My place, in the big bad world. Captured on a weekend walk not long ago…
Taken from the road on the other side of the river. The greenish building sitting on the right third mark is our apartment building.
It’s a wonderful place. I’m going to miss it.
One of the teeny, tiny pleasures in life- having a coffee at a Japanese-style coffee house (as opposed to the Western model of Starbucks or Tully’s), where you will not only get to experience the faded glory of ugly, comfortably-worn furniture and smoke stalactites hanging from the ceiling, but also get served a little packet of peanuts and rice crackers with your coffee, like this:
This one had a bonus, a bit of (misspelled, mildly enigmatic) philosophy as well.
I regret not taking a photo of the exterior of this place, even if the only good way of doing so would have been to expose myself to death by traffic. It’s on the Chita Peninsula, about halfway down on the western side. As I paid the bill and left, I got a sudden rush of deja vu. As I walked to the car I remembered why. Seeing the place suddenly at a certain angle jogged my memory, and I realized I’d been there, once before, the first time I drove around the Chita Peninsula, fifteen years previously…
At the Numazu Fish Market, we saw this dish on display outside a restaurant:
If you’re a fish shop, and you specialize in sushi and sashimi and fillets, what the heck do you do with all he leftover heads and attached spines? Waste not, want not! Let’s batter and deep fry ‘em and offer them as a giant party snack!
Snapped somewhere along Route 11 on the Izu Peninsula, last month…
Driving along a long highway, Masako in the co-pilot’s seat, as always. We’d been simply enjoying the scenery, not saying anything for about an hour.
Then, Masako said,
“I love you because you’re really sweet. And, sometimes, you are a pumpkin ghost.”
I let that sink in for about a minute.
“What’s a pumpkin ghost?” I asked.
And that, folks, is what love is all about.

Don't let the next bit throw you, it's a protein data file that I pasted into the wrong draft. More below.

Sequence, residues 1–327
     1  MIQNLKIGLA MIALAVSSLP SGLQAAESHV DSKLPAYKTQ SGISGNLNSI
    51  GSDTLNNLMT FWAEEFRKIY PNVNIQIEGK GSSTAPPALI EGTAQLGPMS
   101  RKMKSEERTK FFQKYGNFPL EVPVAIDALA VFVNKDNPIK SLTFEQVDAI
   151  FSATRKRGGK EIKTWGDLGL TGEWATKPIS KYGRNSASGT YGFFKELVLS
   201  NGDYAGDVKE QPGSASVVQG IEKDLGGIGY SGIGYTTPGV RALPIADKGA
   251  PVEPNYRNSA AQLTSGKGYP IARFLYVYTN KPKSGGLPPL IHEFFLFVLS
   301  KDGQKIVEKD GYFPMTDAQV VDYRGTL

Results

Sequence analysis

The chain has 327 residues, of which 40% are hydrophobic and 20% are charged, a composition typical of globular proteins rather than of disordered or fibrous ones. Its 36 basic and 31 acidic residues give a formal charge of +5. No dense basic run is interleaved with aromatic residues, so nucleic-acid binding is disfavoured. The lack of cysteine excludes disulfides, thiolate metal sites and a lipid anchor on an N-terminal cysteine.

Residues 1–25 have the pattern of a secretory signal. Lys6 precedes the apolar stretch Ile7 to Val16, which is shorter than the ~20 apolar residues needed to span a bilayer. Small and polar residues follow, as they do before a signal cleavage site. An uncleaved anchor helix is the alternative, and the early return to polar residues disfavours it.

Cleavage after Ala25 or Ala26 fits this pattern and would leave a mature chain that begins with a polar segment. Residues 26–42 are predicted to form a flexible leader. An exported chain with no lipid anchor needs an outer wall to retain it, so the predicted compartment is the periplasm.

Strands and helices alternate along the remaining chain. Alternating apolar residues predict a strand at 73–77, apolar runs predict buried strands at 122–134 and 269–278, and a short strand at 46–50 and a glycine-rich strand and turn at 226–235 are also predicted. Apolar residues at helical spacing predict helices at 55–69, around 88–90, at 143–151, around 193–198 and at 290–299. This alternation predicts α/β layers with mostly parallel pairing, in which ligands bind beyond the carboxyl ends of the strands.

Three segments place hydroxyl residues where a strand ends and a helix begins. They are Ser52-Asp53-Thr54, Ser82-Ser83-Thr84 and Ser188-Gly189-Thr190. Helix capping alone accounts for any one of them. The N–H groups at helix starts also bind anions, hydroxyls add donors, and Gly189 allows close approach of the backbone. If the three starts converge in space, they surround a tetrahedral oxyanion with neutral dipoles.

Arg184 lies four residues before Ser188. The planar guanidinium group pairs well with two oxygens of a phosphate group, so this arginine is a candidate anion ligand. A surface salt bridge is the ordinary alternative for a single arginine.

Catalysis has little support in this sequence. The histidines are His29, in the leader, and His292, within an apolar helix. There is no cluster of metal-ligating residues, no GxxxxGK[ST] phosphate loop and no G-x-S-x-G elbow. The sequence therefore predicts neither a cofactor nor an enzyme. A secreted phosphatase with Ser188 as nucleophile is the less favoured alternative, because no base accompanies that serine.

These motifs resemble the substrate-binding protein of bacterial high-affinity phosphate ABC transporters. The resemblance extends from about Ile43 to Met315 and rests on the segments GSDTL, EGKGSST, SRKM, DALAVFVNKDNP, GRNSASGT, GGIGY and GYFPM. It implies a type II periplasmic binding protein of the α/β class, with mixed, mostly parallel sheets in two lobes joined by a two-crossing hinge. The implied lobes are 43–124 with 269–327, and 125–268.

More photos from New Year’s Eve:
The line at the shrine was long…
The roof at the center protects the washing station, basically a fountain and basin with a lot of bamboo or metal scoops. When you enter the grounds of a shrine, you’re supposed to stop there and wash your hands first. Technically you’re also supposed to rinse your mouth, but generally speaking no one under 70 does so these days.
We also stopped at a small Buddhist temple. The big bell under the roof there is traditionally rung 108 times (though counting these days is somewhat inexact at most places) for the 108 sins according to Buddhism.
The slightly surreal, but not photoshopped, scene at Nangu Shrine last night:
Going to a shrine and / or temple on New Year’s Eve (and / or New Year’s morning) is one of the more important traditions in the otherwise mostly-secular Japan.
Folks crowd the shrine steps, tossing their coins in the collection box and making a New Year’s wish.
Outside, visible in the first photo, various little food stalls sell everything from buttered potatoes to fried chicken to…
…squid on a stick.
Happy New Year, everyone!
At the Nihondaira Zoo in Shizuoka City, in the polar bear exhibit. This was a quick shot and I got lucky. The tube was crowded and people were moving along, and I was holding the camera without looking through the viewfinder, so I actually had no idea I’d taken this at just the right moment…
…which sucks, because if I had known, I’d have offered a copy to her parents. In short, I have no idea who the young human is, but I hope giving a high-five to a bear will be something she’ll always remember.
THIS is what happens when you get really, really busy. I’ve been thinking that I need to update the blog, but figured only a week or two had gone by. A month. A whole month!
Let’s start up again with this really nifty design for a mascot for an egg company. Found outside a Chinese restaurant in Numazu, a fishing port on the coast at the top of the Izu peninsula.
The big red hiragana says “umitate tamago”. “Tamago” is egg (remember tamagochi?) and “umitate” means “freshly-laid” (or, as my dear one defined it, “fresh from the butt”.
more to come…